Greenland ice sheet melt one month early shocks and alarms scientists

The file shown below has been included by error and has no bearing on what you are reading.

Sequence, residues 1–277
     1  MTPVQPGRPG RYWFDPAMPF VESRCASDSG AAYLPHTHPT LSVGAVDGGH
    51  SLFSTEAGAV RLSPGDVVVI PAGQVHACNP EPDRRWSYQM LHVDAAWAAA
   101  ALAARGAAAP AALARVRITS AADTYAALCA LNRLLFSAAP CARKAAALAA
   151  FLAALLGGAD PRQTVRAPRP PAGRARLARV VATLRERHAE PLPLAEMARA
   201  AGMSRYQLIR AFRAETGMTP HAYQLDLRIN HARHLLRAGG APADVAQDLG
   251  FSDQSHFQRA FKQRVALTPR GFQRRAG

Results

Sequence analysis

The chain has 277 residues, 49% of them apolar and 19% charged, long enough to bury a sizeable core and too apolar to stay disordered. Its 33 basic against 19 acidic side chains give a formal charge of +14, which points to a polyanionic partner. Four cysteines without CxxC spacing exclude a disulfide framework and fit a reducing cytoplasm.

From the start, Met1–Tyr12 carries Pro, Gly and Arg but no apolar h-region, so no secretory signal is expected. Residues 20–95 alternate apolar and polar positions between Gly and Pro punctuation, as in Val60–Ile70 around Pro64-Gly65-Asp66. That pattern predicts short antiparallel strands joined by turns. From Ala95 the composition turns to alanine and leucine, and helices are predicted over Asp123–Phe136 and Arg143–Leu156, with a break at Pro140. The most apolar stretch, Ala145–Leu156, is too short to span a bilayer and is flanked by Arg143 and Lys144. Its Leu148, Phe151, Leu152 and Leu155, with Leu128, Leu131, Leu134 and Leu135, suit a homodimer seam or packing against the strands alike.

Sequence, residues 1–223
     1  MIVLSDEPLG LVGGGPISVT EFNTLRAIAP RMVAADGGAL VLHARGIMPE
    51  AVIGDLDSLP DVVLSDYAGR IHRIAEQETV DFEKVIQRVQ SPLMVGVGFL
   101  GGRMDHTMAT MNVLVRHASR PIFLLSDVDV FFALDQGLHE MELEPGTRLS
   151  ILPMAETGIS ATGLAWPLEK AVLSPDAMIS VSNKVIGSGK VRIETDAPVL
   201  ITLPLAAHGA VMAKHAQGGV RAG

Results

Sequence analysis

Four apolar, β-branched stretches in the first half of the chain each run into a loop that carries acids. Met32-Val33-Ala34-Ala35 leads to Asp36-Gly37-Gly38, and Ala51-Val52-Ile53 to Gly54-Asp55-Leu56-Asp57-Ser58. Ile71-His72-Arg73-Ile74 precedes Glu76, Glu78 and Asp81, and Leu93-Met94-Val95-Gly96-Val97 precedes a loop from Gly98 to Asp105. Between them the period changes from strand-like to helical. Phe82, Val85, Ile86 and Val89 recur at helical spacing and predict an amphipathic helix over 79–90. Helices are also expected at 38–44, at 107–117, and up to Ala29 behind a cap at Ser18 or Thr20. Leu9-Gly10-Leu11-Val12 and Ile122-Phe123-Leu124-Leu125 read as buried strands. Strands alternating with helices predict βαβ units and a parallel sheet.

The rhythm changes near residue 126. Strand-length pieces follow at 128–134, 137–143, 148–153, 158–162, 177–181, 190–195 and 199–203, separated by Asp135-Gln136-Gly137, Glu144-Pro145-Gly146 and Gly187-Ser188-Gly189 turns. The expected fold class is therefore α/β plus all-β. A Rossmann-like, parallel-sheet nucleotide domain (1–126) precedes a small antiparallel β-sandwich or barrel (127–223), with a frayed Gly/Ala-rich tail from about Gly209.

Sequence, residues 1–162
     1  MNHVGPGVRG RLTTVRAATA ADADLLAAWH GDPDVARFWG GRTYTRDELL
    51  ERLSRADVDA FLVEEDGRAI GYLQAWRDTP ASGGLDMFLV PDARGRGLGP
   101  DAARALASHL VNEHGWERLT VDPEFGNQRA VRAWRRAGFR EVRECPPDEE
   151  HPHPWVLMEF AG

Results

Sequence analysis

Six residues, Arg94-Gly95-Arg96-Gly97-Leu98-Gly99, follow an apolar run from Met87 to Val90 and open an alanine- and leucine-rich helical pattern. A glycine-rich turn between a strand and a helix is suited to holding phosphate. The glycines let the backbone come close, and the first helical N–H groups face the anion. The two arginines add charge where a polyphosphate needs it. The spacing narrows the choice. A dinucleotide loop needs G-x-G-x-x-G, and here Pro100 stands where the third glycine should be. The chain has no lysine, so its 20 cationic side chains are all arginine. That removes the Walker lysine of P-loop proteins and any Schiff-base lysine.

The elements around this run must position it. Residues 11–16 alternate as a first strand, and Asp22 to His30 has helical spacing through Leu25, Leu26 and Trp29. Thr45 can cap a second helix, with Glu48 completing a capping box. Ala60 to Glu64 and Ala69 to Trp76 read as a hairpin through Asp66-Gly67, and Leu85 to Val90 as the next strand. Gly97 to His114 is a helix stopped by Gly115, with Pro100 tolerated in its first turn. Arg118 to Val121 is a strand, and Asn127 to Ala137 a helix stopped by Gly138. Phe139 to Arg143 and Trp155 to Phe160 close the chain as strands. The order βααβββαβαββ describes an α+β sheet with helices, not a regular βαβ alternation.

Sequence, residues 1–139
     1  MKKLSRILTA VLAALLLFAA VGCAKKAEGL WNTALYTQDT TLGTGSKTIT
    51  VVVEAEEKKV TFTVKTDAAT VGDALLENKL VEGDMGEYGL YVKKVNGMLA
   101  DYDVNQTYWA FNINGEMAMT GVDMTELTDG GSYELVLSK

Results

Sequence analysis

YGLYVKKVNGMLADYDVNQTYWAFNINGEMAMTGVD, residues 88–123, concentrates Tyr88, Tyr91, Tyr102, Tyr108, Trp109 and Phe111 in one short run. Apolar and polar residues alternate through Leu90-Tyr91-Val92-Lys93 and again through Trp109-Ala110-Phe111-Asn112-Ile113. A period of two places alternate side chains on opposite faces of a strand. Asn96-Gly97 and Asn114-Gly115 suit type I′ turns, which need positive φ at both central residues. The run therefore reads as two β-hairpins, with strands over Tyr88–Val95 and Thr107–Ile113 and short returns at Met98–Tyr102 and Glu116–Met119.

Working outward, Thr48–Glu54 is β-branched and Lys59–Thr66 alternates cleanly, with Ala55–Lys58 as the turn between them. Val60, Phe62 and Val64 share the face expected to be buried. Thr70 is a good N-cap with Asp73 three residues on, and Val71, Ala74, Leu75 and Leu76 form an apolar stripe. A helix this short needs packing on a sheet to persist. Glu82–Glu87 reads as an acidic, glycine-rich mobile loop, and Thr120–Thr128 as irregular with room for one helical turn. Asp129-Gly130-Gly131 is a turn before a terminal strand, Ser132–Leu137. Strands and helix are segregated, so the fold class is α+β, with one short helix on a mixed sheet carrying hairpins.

Nearly 12% of the Greenland ice sheet had more than 1mm of melt by 11th April this year, one month earlier than the previous record of 10% by 5th May in 2010, say Danish scientists, who expressed alarm at such an early thaw. These figures are according to an observation-initialized weather model carried out by the Danish Meteorological Institute (DMI), which makes weather forecasts and observations for Denmark, Greenland, and the Faroe Islands. The Greenland melting figures shocked weather specialists so much that they double-checked and checked that the models were working correctly. These maps show areas that have seen melting in the past two days. (Image by Peter Langen from DMI is a climate scientist. He said that “we had to verify that our models still worked properly.” Fortunately we could see from the stations on the ice sheet that it had been well above melting, even above 10 degC. This helped to explain the results.” The previous three records for a melt area greater than 10% occurred on: – 5th May 2010, – 8th May 1990, – 8th May 1990. An almost 12% melt by 11th April is considerably earlier than any climate expert could have imagined. The percentage of the total area of the ice where the melting took place from January 1st until 11th April (blue). The 1990-2013 average is represented by the graph in dark grey. Grey shaded areas represent the daily variation over time. (Image: Warmer temperatures can also be found at higher altitudes. Robert Fausto (Geological Survey of Denmark & Greenland – De Nationale Geologiske Undersogelser For Danmark Og Gronland), who manages melt information, stated that even weather stations high up in the icesheet experienced very high temperatures Monday. At KAN_U for example, a site at 1840 m above sea level, we observed a maximum temperature of 3.1degC.” “This would be a warm day in July, never mind April.” In other parts of Greenland where PROMICE stations are located at lower levels, daily average temperatures were between 5degC and 10degC. The same thing happened around Greenland’s coast. DMI has been recording climate records there since 1873,. In April, a new high-temperature record for Greenland was almost set. Kangerlussuaq, a settlement in western Greenland, registered a daily maximum of 17.8degC, while the DMI observation station at the Summit of Greenland, located 3,216 metres (10,551 ft) above sea level, set a new ‘warm’ April record of -6.6degC. Nuuk residents commenting on abnormal April Residents at Nuuk, the capital and largest city in Greenland, with a population of 16,583, have been commenting on the abnormal April weather. Aqqaluk, who lives in Nuuk, said that everything is melting. This map shows the abnormal flow pattern over Greenland on Monday, 11 April 2016, 18 UTC. The lines (isohypses), connect points at equal heights of the 500 pressure level. This is a measurement of the average temperature of 5-6km above the surface. These numbers are coloured and indicate the freezing point (i.e. Below which temperature is below zero degrees. SFC stands for surface level. Image: The ice melting was caused by warm, south-westerly winds that brought rain to the coastline. This is similar to a 2012 extreme melting when 95% of the ice sheets had melted. A situation which has been detailed by DMI (Fausto et. al., 2016).). Martin Stendel, DMI climate scientist, said that the situation was unusual, particularly early in the season. He noted that there were very low pressures to the east and west of Greenland, and warm air creating a “cap”. The frontal system was triggered by very warm, up-the-west air bringing down rain. “The very cold weather in northern Greenland contrasts with the pattern.” That is how London would look if all of Greenland’s ice sheets were gone and sea levels rose 20. Image: Temperatures are expected to fall over this week according to Marie Rasmussen and Jesper Eriksen (two DMI weather forecasters). However, a new frontal system that arrives on Thursday could again bring about significant melt in parts of the south. The majority of meltwater from the ice sheets and rain at this time of year flows into the snow, where it freezes again. Fausto, DMI & DTU and Jason Box work at GEUS. They lead a Danish Research Council Project. (Image: citizenactionmonitor.files) Why does Greenland ice sheet matter? The Greenland ice sheet extends about 656,000 square miles (1.7 sq km), covering most of Greenland – about three times the size of Texas. The National Snow and Ice Data Center projects that the sea level will rise to 20 (6 meters) if all of the Greenland’s ice sheets melt. This would render many cities uninhabitable around the globe, including those in Florida and parts of the United Kingdom, most of which are located in London. It could spell disaster for the world. Video: Greenland’s Ice Sheet Melting faster Than Ever


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